What are the Different Sleeping Paralysis Symptoms?

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  • Written By: Anna T.
  • Edited By: Melissa Wiley
  • Last Modified Date: 30 September 2019
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Sleeping paralysis symptoms typically occur just as a person is either waking up or falling asleep. People who experience sleep paralysis normally report being conscious but unable to move or speak, just as if they were paralyzed. There are also people who report feeling as though they are in great danger during sleep paralysis episodes, often from some unseen evil force that they feel certain is in the room with them. This sense of evil people describe feeling is most likely a panic response to not being able to move or speak. Most people experience sleeping paralysis symptoms for no more than a few seconds to a few minutes before the sensation ends.

Statistics state that approximately four out of every ten people will experience sleep paralysis symptoms at some point in their lives. The problem is rarely ever a chronic one, and most people experience it only occasionally. Sleep paralysis is also not considered to be either dangerous or life-threatening. Doctors say that sleep paralysis most likely occurs when people are not passing through the various stages of sleep properly and their minds become alert before their bodies do. People almost never need medical help for sleep paralysis, although a doctor should be consulted if sleeping paralysis symptoms are occurring so often that a person's sleep is continually interrupted.


There are two different types of sleep paralysis. The first type, called hypnagogic, occurs during the process of falling asleep. Hypnopompic sleep paralysis occurs when the body is waking itself up from sleep. The sleeping paralysis symptoms of both types of sleep paralysis are identical. People who have narcolepsy, which is a disorder that prevents the brain from being able to regulate sleep, tend to experience both types of sleep paralysis more often than people who are not affected by narcolepsy.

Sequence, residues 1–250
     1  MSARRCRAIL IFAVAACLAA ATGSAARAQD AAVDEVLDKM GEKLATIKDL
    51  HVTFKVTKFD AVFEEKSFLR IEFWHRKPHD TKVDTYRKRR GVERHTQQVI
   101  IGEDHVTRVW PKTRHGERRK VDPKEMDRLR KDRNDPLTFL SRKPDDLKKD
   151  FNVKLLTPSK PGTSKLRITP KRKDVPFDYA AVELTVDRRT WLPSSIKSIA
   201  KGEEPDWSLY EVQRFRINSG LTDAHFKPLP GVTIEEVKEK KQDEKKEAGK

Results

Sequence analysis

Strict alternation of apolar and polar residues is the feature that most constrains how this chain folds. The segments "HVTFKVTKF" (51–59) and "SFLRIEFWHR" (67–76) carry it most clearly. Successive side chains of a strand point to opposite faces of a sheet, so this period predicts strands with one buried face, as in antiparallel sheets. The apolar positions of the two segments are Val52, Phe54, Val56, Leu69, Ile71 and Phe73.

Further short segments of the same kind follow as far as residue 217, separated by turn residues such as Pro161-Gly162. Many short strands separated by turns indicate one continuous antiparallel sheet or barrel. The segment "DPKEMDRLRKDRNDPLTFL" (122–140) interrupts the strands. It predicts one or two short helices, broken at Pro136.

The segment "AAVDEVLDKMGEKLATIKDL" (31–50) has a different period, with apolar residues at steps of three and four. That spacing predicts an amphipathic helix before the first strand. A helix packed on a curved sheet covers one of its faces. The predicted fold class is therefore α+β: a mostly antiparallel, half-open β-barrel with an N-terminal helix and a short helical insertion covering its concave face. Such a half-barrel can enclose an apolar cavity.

Even though sleep paralysis is rarely ever a serious problem, there are some things that may prevent it from occurring. Research suggests that people who regularly sleep on their backs tend to experience sleep paralysis more often than people who sleep in other positions. Sleep paralysis might also occur more often in people who do not get enough sleep. A person who frequently experiences sleep paralysis may want to try sleeping in different positions along with making an effort to get more sleep to help avoid the problem. Anyone who often experiences sleep paralysis in addition to finding himself or herself going to sleep at odd times throughout the day with no warning might be narcoleptic and should seek medical attention.


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Post 3

@Feryll - When I read this article I get the understanding that the sleep disorder that causes sleep paralysis is rooted in some physical action in the body. However, the paralysis dreams where you can't move are believed to be associated with a fear you have in your real life.

For example, you may be trying to make a decision, choose between two options, and you are afraid to choose. This inability to choose is a form of figurative paralysis that is played out in your dreams.

Post 2

This happens to me all of the time, but I didn't know sleep disorder paralysis was the name for this condition. The article says that sleeping on your back could be one thing that causes this to happen. For me, that might be the problem because I sleep on my back most of the time.

When this happens, I wake up, and it seems like maybe something or someone is in my room and made a noise and woke me. Even after I am physically able to move, I lie there for a couple of minutes without moving to make sure nothing is in the room with me.

This has happened enough to me that it doesn't bother me too much now, but I am going to try to sleep on my stomach or side and see if that makes a difference.

Post 1

I have never experienced sleep paralysis, but I overheard some people at work talking about this the other day. This seems to be a relatively common thing for people to have happen to them at least once in a lifetime.

The closest situation that compares to sleeping paralysis that I can think of that has happened to me is I sometimes have dreams where I am trying to run away from some danger, and I can't move. This is frightening enough. If I knew I was awake and I could not move my body then I think that would be even more frightening than the dream.

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